Eat by Color

From red to green, eat your way through this rainbow of fruits and vegetables to get the most nutrients and antioxidants.

  • Introduction
    Maureen Callahan, Jeff Kauck

    Produce Powerhouses

    Scientists are finding new ways to fight cancer, improve memory, and keep colds at bay with a colorful mix of good-for-you foods. What are these superfoods? Fruits and vegetables chockfull of antioxidants. Incorporating them into your diet is easy: Mix 'n' match various colors for a plate that is pleasing to the eye and the stomach. We've got suggestions for foods to eat in each color group, plus fantastic kitchen-tested recipes from Cooking Light.
  • Cherry Tomato Spaghetti with Toasted Pine Nuts
    Maureen Callahan, Jeff Kauck


    Red fruits and vegetables such as tomatoes, cherries, strawberries, watermelon, and radicchio contain lycopene and flavonoids like anthocyanins. These key antioxidants help protect against diseases and different types of cancer.

    Recipe: Cherry Tomato Spaghetti with Toasted Pine Nuts

  • Sunshine Smoothie
    Maureen Callahan, Jeff Kauck

    Orange and Yellow

    Apricots, cantaloupe, butternut squash, sweet potatoes, and corn are packed with antioxidants that boost the immune system and help ward off age-related eye disease. They also provide an extra dose of Vitamin C, which is important for overall health.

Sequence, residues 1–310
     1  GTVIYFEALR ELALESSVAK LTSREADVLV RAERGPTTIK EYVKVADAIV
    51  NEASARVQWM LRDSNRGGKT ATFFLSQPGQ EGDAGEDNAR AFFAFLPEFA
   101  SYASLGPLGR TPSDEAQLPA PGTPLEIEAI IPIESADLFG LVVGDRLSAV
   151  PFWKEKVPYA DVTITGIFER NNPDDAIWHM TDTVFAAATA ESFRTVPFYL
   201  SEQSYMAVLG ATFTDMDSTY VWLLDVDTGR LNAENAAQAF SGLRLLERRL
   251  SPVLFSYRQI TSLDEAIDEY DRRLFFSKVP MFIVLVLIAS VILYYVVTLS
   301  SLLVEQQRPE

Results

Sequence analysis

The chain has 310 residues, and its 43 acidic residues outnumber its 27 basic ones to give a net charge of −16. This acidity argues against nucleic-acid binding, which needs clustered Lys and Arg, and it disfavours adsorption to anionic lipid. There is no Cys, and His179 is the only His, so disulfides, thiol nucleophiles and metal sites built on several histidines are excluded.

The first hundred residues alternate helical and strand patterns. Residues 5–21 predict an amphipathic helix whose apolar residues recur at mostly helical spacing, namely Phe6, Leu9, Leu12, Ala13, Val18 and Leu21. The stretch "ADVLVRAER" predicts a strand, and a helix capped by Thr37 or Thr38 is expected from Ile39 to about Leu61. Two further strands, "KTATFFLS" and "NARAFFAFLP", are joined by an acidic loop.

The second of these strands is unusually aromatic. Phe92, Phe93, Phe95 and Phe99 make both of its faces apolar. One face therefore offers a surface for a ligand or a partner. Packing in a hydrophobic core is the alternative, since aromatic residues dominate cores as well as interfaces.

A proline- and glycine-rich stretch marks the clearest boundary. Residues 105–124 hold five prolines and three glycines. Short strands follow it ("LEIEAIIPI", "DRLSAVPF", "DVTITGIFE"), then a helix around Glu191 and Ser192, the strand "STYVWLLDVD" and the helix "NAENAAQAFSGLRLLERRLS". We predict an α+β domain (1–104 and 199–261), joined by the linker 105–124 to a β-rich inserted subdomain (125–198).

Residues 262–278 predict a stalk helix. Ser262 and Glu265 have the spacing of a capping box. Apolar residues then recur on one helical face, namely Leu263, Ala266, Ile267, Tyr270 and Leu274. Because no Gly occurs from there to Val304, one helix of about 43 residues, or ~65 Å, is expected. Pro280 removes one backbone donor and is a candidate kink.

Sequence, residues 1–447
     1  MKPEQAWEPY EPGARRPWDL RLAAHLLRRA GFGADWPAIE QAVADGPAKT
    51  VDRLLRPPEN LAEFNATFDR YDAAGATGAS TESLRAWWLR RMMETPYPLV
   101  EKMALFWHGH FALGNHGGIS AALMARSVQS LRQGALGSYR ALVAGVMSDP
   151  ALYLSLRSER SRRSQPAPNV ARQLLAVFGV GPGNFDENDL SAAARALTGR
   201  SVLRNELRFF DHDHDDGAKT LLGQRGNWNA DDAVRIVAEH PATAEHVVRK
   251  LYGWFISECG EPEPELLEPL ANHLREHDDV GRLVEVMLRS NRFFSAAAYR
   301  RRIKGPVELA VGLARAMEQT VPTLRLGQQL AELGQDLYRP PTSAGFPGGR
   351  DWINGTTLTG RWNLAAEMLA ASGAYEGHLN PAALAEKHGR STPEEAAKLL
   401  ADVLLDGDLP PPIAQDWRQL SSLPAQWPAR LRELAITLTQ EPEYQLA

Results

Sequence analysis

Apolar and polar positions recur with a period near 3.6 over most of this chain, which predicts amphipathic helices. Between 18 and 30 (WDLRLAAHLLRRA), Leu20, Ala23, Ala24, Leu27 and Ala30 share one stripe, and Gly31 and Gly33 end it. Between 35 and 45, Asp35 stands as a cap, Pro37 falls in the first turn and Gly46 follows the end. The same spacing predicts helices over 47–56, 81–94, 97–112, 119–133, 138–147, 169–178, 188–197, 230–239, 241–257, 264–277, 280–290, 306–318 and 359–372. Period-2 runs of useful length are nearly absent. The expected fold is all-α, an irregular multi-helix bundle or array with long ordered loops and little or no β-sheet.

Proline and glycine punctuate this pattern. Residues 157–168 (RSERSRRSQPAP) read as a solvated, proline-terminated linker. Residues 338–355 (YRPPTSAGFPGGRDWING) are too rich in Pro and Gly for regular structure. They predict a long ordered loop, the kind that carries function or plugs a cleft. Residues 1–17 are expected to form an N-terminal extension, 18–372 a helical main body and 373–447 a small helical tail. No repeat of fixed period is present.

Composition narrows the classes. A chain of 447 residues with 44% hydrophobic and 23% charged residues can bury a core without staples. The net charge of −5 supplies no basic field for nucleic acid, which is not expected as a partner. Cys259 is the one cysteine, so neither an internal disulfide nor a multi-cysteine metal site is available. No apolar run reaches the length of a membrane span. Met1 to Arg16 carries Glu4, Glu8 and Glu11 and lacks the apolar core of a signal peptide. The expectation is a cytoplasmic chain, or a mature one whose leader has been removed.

Recipe: Sunshine Smoothie

  • Grilled Eggplant Stack
    Maureen Callahan, Jeff Kauck

    Purple and Blue

    Move better and remember more with a diet rich in blueberries, eggplant, raisins, and purple-fleshed potatoes. Antioxidants in blue foods are proving beneficial for motor function and memory.

    Recipe: Grilled Eggplant Stack

  • Lemon-Chive Potato Salad
    Maureen Callahan, Jeff Kauck

    White and Tan

    What do cauliflower, onions, mushrooms, bananas, and garlic all have in common? They pack an antioxidant punch with phytonutrients that help fight cancer and protect the heart.

    Recipe: Lemon-Chive Potato Salad

  • Spinach Salad with Grilled Red Onion Rings and Sesame Vinaigrette
    Maureen Callahan, Jeff Kauck


    Green foods like avocados, asparagus, broccoli, cucumbers, leafy greens, green peppers, and spinach help relieve the effects of serious eye ailments, such as macular degeneration and cataracts. They also help clear the arteries that keep blood flowing to your brain.

    Recipe: Spinach Salad with Grilled Red Onion Rings and Sesame Vinaigrette

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